"Borderland Bodies and Souls: Mexican Religious Healing Practices in East L.A.," in Gaston Espinosa and Mario T. Garcia, eds., Mexican American Religions: Spirituality, Activism, and Culture (Durham, NC: Duke University Press, 2008).

"Exhibiting Religious Erotics: Ethics of Machismo after Aztlán," in Miguel De La Torre, and Gastón Espinosa, eds. Re-thinking Latina/o Religion and Theology (Boston: Pilgrim Press, Fall, 2006).

"Cesar Chavez and American Civil Religions," in Virgil Elizondo, Jesse Miranda, Gaston Espinosa, ed., Hispanic Churches in American Public Life (Oxford University Press, 2005).

"Born Again in East LA: The Congregation as Border Space," in R. Stephen Warner and Judith Wittner, eds. Gatherings in Diaspora: Religious Communities and the New Immigration. (Philadelphia: Temple University Press, 1998). Reprinted in Donna R. Gabaccia Vicki L. Ruiz, American Dreaming Global Realities: Rethinking U.S. Immigration History (Chicago: University of Illinois Press, 2006).

"'Soy una Curandera y Soy una Católica': The Poetics of a Mexican Healing Tradition," in Horizons of the Sacred: Mexican Religious Traditions in Twentieth-Century U.S. Catholicism. Gary Riebe-Estrella and Timothy Matovina, eds. (Ithaca: Cornell University Press, 2002).

Book Reviews:
Our Lady of the Rock: Vision and Pilgrimage in the Mojave Desert (Ithaca: Cornell University Press, 2015), Catholic Historical Review (Submitted February 15, 2016).

Catholic Borderlands: Mapping Catholicism onto American Empire, 1005-1935 (Lincoln: University of Nebraska Press, 2014), by Anne M. Martinez, for the New Mexico Historical Review (Submitted December 9, 2015).

Latino Mennonites: Civil Rights, Faith & Evangelical Culture (Baltimore: John Hopkins University Press, 2014), by Felipe Hinojosa, for The American Historical Review, 120:4 (October 2015): 1059-60.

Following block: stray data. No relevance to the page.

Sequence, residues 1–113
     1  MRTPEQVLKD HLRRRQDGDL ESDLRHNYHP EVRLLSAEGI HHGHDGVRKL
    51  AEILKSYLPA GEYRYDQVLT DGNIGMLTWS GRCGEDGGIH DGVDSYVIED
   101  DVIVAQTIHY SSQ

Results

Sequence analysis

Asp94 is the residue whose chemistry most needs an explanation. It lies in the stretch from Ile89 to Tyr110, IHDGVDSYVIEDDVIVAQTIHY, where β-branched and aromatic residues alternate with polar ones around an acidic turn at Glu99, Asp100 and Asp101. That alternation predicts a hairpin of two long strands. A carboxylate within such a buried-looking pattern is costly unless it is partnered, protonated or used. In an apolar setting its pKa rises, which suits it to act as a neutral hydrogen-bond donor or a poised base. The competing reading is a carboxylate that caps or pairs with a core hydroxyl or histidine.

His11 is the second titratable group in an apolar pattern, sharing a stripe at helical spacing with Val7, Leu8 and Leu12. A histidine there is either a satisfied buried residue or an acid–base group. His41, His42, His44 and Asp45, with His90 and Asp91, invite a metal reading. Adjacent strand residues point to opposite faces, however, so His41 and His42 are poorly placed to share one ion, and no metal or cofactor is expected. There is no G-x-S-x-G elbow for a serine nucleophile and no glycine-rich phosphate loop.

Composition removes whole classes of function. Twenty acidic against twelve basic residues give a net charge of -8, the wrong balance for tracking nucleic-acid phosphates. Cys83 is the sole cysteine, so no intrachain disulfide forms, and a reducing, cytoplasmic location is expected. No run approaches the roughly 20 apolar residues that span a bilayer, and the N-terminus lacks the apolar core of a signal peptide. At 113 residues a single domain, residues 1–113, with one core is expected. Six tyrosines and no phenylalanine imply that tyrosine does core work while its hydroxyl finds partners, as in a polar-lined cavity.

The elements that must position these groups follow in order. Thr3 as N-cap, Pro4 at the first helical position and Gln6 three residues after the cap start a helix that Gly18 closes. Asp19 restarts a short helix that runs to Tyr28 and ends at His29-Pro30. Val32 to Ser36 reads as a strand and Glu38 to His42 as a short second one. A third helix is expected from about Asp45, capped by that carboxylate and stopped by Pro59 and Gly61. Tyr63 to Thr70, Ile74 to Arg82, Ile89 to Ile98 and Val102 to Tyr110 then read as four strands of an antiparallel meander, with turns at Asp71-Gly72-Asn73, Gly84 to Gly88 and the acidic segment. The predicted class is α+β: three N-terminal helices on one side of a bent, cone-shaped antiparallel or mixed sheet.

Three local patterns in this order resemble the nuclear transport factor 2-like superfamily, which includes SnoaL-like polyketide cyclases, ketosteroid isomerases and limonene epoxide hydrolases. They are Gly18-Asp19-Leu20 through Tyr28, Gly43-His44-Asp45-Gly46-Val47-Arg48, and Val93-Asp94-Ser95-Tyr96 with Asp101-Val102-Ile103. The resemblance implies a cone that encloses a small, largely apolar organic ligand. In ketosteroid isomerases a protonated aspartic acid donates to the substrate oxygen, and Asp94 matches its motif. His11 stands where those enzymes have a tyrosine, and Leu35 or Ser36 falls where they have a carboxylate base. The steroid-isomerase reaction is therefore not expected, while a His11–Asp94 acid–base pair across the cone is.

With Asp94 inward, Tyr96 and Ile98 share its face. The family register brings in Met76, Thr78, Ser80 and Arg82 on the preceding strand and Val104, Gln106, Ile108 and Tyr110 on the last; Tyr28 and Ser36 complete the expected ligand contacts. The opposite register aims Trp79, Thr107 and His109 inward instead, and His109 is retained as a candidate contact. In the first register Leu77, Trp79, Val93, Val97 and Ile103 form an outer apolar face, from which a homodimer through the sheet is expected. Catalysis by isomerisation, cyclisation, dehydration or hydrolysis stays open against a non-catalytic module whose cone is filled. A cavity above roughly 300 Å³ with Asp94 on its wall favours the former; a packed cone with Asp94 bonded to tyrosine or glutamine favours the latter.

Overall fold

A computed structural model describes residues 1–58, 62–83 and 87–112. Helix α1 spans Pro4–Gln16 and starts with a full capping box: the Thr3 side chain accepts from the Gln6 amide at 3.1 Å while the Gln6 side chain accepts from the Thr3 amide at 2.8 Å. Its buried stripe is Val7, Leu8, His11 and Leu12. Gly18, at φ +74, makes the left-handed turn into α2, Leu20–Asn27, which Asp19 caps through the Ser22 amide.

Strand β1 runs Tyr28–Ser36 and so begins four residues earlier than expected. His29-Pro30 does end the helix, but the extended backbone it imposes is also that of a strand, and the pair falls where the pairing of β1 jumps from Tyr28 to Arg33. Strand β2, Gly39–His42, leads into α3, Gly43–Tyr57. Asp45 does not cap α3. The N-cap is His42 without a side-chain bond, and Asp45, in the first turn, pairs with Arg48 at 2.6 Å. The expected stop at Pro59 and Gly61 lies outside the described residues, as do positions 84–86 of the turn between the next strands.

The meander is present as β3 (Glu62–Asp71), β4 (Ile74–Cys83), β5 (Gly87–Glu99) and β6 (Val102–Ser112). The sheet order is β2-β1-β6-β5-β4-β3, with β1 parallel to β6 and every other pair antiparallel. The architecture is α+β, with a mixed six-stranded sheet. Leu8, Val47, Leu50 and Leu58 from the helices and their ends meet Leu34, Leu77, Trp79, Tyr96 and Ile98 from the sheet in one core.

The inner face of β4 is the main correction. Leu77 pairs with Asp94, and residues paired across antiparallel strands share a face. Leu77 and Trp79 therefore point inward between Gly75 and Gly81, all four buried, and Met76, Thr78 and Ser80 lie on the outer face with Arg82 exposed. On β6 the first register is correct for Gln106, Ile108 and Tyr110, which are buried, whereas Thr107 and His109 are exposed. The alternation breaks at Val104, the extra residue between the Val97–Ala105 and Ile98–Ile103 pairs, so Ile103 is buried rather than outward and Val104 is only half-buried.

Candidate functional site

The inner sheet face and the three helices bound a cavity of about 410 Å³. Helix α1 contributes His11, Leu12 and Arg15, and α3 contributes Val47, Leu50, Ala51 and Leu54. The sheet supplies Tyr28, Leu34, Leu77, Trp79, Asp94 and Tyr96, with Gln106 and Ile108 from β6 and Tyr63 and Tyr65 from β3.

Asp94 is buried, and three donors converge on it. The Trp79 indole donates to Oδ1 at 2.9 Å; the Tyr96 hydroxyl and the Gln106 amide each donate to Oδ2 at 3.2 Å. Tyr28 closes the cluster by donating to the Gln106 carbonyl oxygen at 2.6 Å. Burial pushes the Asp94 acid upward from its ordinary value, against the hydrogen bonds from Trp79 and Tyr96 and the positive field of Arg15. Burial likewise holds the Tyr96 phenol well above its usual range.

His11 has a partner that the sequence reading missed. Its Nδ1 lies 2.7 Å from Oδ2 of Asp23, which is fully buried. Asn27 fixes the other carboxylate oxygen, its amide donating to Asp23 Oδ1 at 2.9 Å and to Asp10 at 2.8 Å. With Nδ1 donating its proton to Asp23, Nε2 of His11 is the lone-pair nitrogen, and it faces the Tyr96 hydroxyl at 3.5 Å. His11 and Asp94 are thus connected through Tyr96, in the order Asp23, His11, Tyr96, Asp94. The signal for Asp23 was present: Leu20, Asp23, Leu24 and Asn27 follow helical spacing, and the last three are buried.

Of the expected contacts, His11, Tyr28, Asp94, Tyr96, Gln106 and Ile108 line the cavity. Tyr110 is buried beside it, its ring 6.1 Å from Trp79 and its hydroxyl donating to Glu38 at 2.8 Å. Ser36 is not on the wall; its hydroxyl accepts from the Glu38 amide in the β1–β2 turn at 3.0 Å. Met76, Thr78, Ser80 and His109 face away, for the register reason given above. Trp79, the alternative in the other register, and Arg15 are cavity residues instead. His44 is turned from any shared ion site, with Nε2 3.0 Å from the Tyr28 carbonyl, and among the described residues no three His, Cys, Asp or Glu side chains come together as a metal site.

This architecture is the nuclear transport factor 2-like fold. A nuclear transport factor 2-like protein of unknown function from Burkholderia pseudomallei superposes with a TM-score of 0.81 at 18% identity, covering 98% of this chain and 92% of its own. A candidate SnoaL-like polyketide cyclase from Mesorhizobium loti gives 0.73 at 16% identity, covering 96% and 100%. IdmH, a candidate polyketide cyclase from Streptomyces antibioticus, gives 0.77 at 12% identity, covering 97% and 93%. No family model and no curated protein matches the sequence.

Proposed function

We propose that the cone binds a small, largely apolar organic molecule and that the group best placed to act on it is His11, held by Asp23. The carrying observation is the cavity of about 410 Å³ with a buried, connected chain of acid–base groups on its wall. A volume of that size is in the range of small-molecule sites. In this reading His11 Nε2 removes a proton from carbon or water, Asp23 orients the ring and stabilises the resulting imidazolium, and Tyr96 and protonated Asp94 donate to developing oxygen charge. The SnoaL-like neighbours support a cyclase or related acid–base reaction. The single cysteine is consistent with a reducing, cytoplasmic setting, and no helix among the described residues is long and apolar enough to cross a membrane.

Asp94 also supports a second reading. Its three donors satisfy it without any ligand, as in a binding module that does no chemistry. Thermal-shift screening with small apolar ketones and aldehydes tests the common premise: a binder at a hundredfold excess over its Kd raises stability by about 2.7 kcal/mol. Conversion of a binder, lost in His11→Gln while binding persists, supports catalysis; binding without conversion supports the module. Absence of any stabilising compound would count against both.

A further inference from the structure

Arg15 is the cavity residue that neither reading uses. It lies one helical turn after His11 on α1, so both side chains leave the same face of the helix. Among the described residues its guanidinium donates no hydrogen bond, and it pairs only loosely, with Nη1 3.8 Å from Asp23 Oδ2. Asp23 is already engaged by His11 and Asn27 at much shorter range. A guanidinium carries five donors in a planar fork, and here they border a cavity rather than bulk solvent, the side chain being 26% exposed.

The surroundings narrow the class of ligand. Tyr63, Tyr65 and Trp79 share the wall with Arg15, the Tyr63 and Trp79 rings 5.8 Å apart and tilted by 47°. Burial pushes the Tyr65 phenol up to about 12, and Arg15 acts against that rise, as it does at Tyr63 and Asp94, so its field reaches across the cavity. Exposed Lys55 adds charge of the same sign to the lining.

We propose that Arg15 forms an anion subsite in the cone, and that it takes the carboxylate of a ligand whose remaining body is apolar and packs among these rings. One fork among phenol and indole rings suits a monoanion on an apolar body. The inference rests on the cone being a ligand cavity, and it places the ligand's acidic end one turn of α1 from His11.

Sacred Iconographies in Chicana Cultural Productions (NY: Palgrave-Macmillan, 2013), by Clara Róman-Odio for Anthropos, 110: 1 (February 2015): 267-8.

Latino Catholicism: Transformation in America's Largest Church. By Timothy Matovina (Princeton: Princeton University Press, 2012). Forthcoming in The Journal of Church History.

Los Protestantes: An Introduction to Latino Protestantism in the United States. By Juan Francisco Martínez. (Santa Barbara, CA: Praeger, an imprint of ABC-CLIO, 2011.). Submitted 18 January 2012. Forthcoming in New Mexico Historical Review.

The Black Madonna in Latin America and Europe: Tradition and Transformation. By Malgorzata Oleszkiewicz-Peralba (Albuquerque: University of New Mexico Press, 2007), in The Journal of Church History (June 2010): 504-506.

The Virgin of El Barrio: Marian Apparitions, Catholic Evangelizing, and Mexican American Activism, by Nabhok-Warren, Kristy (NY: NYU Press, 2004), in Church History: Studies in Christianity and Culture, 75:1 (Fall 2006): 224-226.

Creative Spirituality: The Way of the Artist, by Robert Wuthnow, (Berkeley: University of California Press, 2001), in the Journal of the American Academy of Religion, 71:1 (Spring 2003): 251-54.

Articles for Religion Dispatches (
"When Religion Kills: The Christian Narco-Traffickers of Mexico"
August 2011;

"Misusing Cesar Chavez in Immigration Debates,"
December 5, 2010;

"Yes We Can/Si Se Puede: Remembering and Forgetting Cesar Chavez,"April 23, 2009;

Encyclopedia Articles:
"Latino Studies," in Carl Raschke, ed. "Encyclopedia of Religions and Sciences"
(Berlin: Springer International Publisher, in press), 5,000 words.

"Latina/o Religious Practice," in Charles H. Lippy and Peter Williams, ed, Encyclopedia of Religion in America (Washington DC: CQ Press, 2010), 6,500 words.

"Borderland Religions," in Wade Clark Roof and Mark Juergensmeyer, eds., Encyclopedia of Global Religions (Thousand Oaks CA: Sage Publications, in press), 1,600 words.

"Espiritualismo (Spiritualism)," in Miguel de la Torre, ed. Hispanic American Religious Cultures (Santa Barbara: ABC-CLIO Reference Publishers, 2009), 8,000 words.

"Ruth Leon," Latinas in the United States: An Historical Encyclopedia, Vicki L. Ruiz and Korrol, Virginia Sanchez, eds. (Bloomington: Indiana University Press, 2006), 500 words.

"Introduction;" "Latinas and Latinos" (6,000 words) "Ecstasy" (2,000 words), in Gary Laderman and Luis Leon, eds. Religion and American Cultures: Multicultural American Traditions and Popular Religious Expressions.

"Ecstasy," and "Shamanism," in Contemporary American Religion, Wade Clark Roof, ed. (New York: Macmillan Library Reference USA, 2000). 1,500 words each.

The Encyclopedia of Mesoamerican Cultures, Carrasco, Davíd, ed. (NY: Oxford University Press, 2001). Mal Ojo ("evil eye"), and Susto ("spirit loss"), 500 words each.

Book Foreword: Robert Trotter and Juan Antonio Chavira. Curanderismo: Mexican American Folk Healing., 2nd ed. (Athens, GA: University of Georgia Press, 1997)